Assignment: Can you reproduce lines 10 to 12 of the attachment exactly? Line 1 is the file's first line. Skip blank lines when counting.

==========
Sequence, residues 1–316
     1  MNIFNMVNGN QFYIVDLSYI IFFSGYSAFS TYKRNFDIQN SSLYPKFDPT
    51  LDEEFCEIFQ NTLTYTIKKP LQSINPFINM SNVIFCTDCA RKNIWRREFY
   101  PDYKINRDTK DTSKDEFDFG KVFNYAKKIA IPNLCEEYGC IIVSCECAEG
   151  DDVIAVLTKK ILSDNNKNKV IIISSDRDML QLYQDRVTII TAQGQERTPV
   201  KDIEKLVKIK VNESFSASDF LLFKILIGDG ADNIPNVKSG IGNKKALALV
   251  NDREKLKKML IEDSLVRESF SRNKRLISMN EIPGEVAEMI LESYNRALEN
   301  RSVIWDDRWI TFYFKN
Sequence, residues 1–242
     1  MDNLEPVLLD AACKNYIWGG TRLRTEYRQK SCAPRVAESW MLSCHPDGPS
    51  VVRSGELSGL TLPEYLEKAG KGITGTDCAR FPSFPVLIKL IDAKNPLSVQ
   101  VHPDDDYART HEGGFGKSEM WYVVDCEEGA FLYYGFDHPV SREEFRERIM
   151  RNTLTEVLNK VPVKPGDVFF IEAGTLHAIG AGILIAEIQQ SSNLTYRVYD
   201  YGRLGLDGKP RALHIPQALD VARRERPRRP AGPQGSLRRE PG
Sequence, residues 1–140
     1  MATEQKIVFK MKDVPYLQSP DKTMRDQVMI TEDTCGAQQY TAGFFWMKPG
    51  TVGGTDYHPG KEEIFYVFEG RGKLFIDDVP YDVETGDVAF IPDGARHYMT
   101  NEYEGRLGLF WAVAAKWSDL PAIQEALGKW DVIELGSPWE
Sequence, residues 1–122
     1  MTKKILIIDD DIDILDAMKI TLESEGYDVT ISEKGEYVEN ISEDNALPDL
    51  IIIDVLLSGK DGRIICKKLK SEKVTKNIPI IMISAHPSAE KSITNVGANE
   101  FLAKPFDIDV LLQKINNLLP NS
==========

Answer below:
     1  MDNLEPVLLD AACKNYIWGG TRLRTEYRQK SCAPRVAESW MLSCHPDGPS
    51  VVRSGELSGL TLPEYLEKAG KGITGTDCAR FPSFPVLIKL IDAKNPLSVQ
   101  VHPDDDYART HEGGFGKSEM WYVVDCEEGA FLYYGFDHPV SREEFRERIM